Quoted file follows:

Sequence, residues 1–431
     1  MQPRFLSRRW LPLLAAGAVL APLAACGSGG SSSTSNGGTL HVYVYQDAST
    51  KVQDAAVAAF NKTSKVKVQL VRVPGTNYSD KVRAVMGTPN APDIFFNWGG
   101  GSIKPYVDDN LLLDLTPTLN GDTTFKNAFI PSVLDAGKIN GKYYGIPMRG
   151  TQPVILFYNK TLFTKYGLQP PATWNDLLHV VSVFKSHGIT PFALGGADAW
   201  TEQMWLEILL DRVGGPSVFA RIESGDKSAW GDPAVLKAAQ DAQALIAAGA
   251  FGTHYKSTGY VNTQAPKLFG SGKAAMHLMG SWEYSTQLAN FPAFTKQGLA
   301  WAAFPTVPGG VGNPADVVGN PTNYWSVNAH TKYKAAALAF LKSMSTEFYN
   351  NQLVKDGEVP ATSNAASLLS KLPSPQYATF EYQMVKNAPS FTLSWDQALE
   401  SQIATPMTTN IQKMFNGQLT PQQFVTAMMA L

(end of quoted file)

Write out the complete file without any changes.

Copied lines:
Sequence, residues 1–431
     1  MQPRFLSRRW LPLLAAGAVL APLAACGSGG SSSTSNGGTL HVYVYQDAST
    51  KVQDAAVAAF NKTSKVKVQL VRVPGTNYSD KVRAVMGTPN APDIFFNWGG
   101  GSIKPYVDDN LLLDLTPTLN GDTTFKNAFI PSVLDAGKIN GKYYGIPMRG
   151  TQPVILFYNK TLFTKYGLQP PATWNDLLHV VSVFKSHGIT PFALGGADAW
   201  TEQMWLEILL DRVGGPSVFA RIESGDKSAW GDPAVLKAAQ DAQALIAAGA
   251  FGTHYKSTGY VNTQAPKLFG SGKAAMHLMG SWEYSTQLAN FPAFTKQGLA
   301  WAAFPTVPGG VGNPADVVGN PTNYWSVNAH TKYKAAALAF LKSMSTEFYN
   351  NQLVKDGEVP ATSNAASLLS KLPSPQYATF EYQMVKNAPS FTLSWDQALE
   401  SQIATPMTTN IQKMFNGQLT PQQFVTAMMA L